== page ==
Lauraine writes women's fiction in both contemporary and historical. We also have authors in category like Irene Brand and Mae Nunn who write for Love Inspired. Our author Denise Hunter also writes women's fiction. I just sold a three book historical series to Bethany House by newcomer Tamara Alexander. So, we are doing quite a lot in this area.


Question by Jami Worthington:
Of the queries you receive, about what percentage of those result in a request for a partial? And of the request for a partial, how many result in a req for a full? And now for the $60,000 question (or maybe like a $6000 question, given what I know about first book advances) how many of those full reqs result in you or your colleagues taking on a client?

I know it ultimately depends on the writing, but as an author about to send out a requested full, I somehow feel I'll be better able to bear the wait if I have some idea of the numbers.

Answer from Deidre Knight:
Ah, see this is the quest of all writers, to somehow pin down their chances. :) Rather than a percentage breakdown, just know that any request for a full is a big deal. It doesn't mean "you're in" by any means, but you've made it through a tremendous number of obstacles. Now only your writing can sell you.

Just to make a try at your question, we receive roughly 200 queries a week or so. Of those, I typically request partials on 10-15% if we're lucky, sometimes a much lower percentage.
Of the partials each week, I might ask for 0-1 complete unless, again, it's some kind of banner week.


Question by Jorge Posada:
I would like to know if the agent's role in finding new authors is always passive, or if an agent will sometimes be active about it, for example, by lurking in online critique groups or using any other strategy that may come to mind?

Answer from Deidre Knight:
The only time it's not passive (at least that I know of) is when an agent may go after a big project, i.e. someone in the news or a major band's authorized book or the like. In terms of fiction and new authors, the huge volume of potential material that comes through an agent's doors really doesn't warrant lurking on loops or trying to find new talent that way. Unless an agent is new, in which case they might want to visit some of the big internet sites for general writers.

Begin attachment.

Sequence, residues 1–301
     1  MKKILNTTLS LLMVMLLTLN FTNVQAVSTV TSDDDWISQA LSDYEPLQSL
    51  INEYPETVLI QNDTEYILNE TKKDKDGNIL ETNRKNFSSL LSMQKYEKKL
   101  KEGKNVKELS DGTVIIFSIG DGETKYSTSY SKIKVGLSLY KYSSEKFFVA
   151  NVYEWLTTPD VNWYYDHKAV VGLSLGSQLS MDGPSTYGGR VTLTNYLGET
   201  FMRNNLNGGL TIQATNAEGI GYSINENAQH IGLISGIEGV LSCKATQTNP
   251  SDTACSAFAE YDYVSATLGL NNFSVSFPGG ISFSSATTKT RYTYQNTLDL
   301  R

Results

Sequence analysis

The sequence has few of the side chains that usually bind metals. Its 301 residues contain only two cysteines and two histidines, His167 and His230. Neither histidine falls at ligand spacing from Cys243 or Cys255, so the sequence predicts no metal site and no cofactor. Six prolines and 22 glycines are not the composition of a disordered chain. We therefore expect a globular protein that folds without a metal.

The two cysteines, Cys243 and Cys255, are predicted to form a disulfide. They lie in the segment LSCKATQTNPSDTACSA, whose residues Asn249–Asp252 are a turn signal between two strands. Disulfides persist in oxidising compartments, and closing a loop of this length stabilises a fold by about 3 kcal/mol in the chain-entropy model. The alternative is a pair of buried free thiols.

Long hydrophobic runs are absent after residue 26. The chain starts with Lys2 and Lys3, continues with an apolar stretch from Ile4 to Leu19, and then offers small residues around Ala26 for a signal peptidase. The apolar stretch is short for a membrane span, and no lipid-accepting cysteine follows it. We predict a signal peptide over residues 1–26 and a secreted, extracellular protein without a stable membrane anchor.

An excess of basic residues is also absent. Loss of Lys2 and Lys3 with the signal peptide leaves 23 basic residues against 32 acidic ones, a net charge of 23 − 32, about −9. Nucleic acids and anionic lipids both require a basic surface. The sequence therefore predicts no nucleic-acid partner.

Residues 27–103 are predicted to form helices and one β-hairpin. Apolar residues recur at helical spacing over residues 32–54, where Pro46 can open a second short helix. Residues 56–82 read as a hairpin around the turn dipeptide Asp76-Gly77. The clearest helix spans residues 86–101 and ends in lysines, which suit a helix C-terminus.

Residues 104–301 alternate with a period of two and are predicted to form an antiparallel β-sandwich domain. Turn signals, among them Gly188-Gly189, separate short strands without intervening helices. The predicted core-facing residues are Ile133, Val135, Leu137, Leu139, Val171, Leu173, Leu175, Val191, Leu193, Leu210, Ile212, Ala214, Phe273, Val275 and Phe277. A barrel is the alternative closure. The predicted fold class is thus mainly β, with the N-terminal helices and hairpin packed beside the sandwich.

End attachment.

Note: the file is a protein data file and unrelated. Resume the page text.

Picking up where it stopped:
Question by Marjorie Jones:

Do you, or agents in particular, keep a file of writers (mental file, computer file, great big huge black book) who you've written off completely?

Answer from Deidre Knight:
On this one, I'd say several things. First of all, no little black book. You can query as much as you want unless it's the SAME QUERY! :) That's the only time I get annoyed, is with people who won't keep track of their agent hunt and keep hitting me again and again with the same query (which is usually whacked out anyway...)

The only time I write someone off is if they are rude or weird or make a bad impression at a conf or on the phone--or they might badmouth me b/c I reject them (this HAPPENS) or who knows what else. I only want to work with someone where I believe there will be mutual respect, which I'm sure is understandable, but otherwise I'm usually very open to future queries. You can always query, and that's one thing I've been trying to say here over and over about publishing in general.

Why write anyone off--agent or editor--until you're further down the line. They might like what you think they won't like, they might be able to answer a concern you think is overwhelming (like that I agent/author, for instance, or the woman who mentioned an agent charging expenses.) This business is hard enough without ruling out a bunch of people before you get going. That's just MY take. :)


Question by Brooke Wills:
What is the most important question a writer can ask the agent before signing an agency agreement? Is there any question that just makes you cringe?

Answer from Deidre Knight:
SUCH a great question. Ask about length of their agency agreement, i.e. don't commit if it's a long-term agreement without serious consideration. Our agency agreement is terminable upon 30 days notice. Not everyone does that, but why would they want to KEEP you for two years if you want to be somewhere else? And what happens if they lose interest and enthusiasm, but there are twelve months left in your contract?

Also, be sure that while they are agent of record for the life of the book (once they sell it) that it's not LIFE OF COPYRIGHT-- which means no matter where it sells, they still get a 15% cut, even if the place where they sold it no longer pubs it.

I'd also ask how they like to communicate. Not surprisingly, we're a big emailing agency. :) Juggling all that I do, that's my main mode of communication. So, if an author were really big on lots of phone calling, that wouldn't jive with my style. Ask how they like to work? How often they communicate?
All agents have different styles and try to get a feel for theirs.
And, most of all, try to talk to a couple of their authors if you can. No better way to get a feel for them than that way.

Makes me cringe? Hmmm... when someone expects me to explain that I'm a credible, professional agent when they should've known that much going in, i.e. just those niggling questions that wouldn't apply to any self-respecting agent.
Example: "Are you sure you have contacts at all the major publishing houses? I mean, do you really know people at Warner Books?"

It begins to feel like a job interview then, and that does make me groan. Lol! D


Blogger Joely Sue Burkhart said...

Deidre, thanks again for sharing your time and expertise with us! I had a great time (loved the comment about stinky submissions), plus I learned so much. Many thanks,

Friday, April 22, 2005 at 11:24:00 PM EDT  
Blogger Lynn said...

I lost internet access for a couple of days, and just my luck, it died before I could thank you for answering my question over at RWC. I hope this belated thank you will suffice!

Thanks a bunch for all your time and energies spent answering our questions at RWC.

Tuesday, April 26, 2005 at 5:33:00 PM EDT